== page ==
"The Ba'al Shem Tov spoke to his disciples about such persistence this way: 'A man of piety complained to the besht,* saying, 'I have labored hard and long in the service of the Lord, yet I have received no improvement.
I am still an ordinary and ignorant person.'
And the besht answered, 'Ah yes, but you have gained the realization that you are ordinary and ignorant, and this in itself is a worthy accomplishment, is it not?'
Persistence and perseverance in hard times may not guarantee that we will receive what we set out to do. But what we ourselves can become inside ourselves, in spirit and soul, in the process will be more than worth the effort."
from Becoming Fully Human by Joan Chittister *besht - acronym for Ba'al Shem Tov
One of the main hallmarks of Ignatian spirituality is imaginative prayer - the placing of yourself inside the telling of a biblical story. In the poem below, Antoinette Voute Roeder places herself in the second chaper of Mathew, verses 13 and 14. Here is yet another Epiphany moment - a time for Mary and Joseph to enter unknown territory with this child who is already making their impossible life even more complicated. From the art above we can see that this must have been a harrowing journey.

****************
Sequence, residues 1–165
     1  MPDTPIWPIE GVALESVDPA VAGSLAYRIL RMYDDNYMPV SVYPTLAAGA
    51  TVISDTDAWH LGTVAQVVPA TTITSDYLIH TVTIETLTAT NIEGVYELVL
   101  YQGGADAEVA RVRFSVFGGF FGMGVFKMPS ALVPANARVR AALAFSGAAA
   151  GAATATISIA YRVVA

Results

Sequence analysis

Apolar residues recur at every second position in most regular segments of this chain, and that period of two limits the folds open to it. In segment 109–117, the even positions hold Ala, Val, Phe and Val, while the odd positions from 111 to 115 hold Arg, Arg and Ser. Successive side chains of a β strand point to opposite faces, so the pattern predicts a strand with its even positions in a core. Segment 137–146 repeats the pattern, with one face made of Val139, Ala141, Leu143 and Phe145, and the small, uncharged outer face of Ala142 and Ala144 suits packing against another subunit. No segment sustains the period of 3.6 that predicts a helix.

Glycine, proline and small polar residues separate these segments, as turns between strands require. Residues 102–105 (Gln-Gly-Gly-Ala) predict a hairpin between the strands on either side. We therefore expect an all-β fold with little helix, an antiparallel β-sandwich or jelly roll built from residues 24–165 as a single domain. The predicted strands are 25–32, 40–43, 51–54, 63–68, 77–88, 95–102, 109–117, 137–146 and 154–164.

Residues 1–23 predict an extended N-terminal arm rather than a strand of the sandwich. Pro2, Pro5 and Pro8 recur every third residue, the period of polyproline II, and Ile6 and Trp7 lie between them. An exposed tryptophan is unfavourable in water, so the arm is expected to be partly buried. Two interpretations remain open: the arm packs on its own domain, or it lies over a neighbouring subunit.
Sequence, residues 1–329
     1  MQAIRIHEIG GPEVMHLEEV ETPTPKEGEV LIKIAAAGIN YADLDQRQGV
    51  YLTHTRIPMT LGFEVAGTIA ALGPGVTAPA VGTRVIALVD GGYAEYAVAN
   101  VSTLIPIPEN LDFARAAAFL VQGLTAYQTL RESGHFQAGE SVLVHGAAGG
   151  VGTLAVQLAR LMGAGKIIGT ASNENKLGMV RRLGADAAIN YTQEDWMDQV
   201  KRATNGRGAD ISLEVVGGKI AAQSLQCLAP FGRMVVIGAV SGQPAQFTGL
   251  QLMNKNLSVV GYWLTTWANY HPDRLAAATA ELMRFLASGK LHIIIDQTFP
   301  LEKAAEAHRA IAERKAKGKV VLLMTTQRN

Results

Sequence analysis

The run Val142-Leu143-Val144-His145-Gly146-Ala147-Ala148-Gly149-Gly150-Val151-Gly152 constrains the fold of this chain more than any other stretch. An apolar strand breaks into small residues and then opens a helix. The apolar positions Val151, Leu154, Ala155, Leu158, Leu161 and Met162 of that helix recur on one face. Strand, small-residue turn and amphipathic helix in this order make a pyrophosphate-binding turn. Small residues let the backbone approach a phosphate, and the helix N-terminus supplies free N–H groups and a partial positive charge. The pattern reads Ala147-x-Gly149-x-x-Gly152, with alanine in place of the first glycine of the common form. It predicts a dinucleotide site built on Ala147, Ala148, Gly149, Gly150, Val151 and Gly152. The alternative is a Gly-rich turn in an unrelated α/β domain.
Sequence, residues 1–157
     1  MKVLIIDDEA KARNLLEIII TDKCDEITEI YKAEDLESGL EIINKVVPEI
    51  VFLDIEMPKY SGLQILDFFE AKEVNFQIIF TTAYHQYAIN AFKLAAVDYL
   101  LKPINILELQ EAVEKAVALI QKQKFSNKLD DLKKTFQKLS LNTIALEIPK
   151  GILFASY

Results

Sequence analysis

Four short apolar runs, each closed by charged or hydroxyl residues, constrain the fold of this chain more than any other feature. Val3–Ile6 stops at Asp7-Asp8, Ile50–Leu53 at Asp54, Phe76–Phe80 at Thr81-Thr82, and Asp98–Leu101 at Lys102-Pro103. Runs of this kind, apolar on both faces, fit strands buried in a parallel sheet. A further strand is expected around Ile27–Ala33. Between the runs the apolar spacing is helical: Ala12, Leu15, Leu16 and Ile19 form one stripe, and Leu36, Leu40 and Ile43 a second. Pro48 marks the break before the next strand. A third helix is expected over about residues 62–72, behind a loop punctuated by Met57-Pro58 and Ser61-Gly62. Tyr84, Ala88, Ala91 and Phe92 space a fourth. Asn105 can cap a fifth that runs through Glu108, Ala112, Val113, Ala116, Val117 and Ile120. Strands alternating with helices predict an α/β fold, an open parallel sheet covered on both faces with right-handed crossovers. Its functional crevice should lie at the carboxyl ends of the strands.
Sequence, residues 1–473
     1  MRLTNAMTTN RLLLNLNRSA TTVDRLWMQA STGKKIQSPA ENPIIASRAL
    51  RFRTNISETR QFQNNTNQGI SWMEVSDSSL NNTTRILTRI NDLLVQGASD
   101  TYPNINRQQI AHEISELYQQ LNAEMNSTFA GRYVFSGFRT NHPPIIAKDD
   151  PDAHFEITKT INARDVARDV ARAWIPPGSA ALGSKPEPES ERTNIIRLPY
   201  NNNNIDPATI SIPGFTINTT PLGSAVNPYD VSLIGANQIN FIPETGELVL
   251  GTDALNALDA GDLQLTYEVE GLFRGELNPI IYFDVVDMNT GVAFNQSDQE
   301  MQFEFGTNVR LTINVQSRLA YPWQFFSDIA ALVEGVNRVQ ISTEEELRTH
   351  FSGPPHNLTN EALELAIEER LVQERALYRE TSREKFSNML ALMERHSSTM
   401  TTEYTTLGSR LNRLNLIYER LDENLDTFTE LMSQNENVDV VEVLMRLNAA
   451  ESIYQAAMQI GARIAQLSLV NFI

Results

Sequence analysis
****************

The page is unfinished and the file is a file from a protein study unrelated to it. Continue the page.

I recently received news that the path I thought I was on is no longer the path that I am on. This has led to deep lament, anger and sadness - i.e. the process of grieving. And with it came a huge desire to chuck God in the bin. Of course that desire must have passed because here I am once again talking about my desire for God. Sigh...So like the Holy Family, I'm packing my knapsack and heading towards all the unknowns that Egypt may hold, choosing to focus not on what might have been but on what is and is to come.
journey (in the way of Ignatius)
"We watch them until they are mere specks
on a wide and vacant desert:
woman huddled in her shawl
jouncing on the donkey's back,
man beside her, walking tall,
I say to you, let us go too.
Let us start upon this journey
into unknown lands and future
where we have no friends, no home,
no kin waiting, no work to perform.
At our feet I see two backpacks,
royal blue, festooned with straps
of leather and with shiny buckles
Bulging with their contents,
they are equal size and weight,
heavy with the same provisions.
As I hand one on to you
and look into your eyes
I know you pack no miracles.
I can expect no angel bands
or acts of God along the way:
just all things needed for the journey
and your priceless company
until we reach that other country,
an extraordinary banquet,
that long promised feast.
Mathew 2: 13 & 14
Ignatian prayer: St. Ignatius of Loyola left us a prayer practice which involves
the use of one's imagination with scripture passages."
This passage is from Antoinette Voute Roeder's Weaving the Wind, p. 101,102
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Today's Gospel reading is the familiar story of Jesus turning water into wine as recounted in John 2:1-11. Antoinette Voute Roeder captures the intensity of the mother-son relationship in this poem from her book "Weaving the Wind"....Enjoy!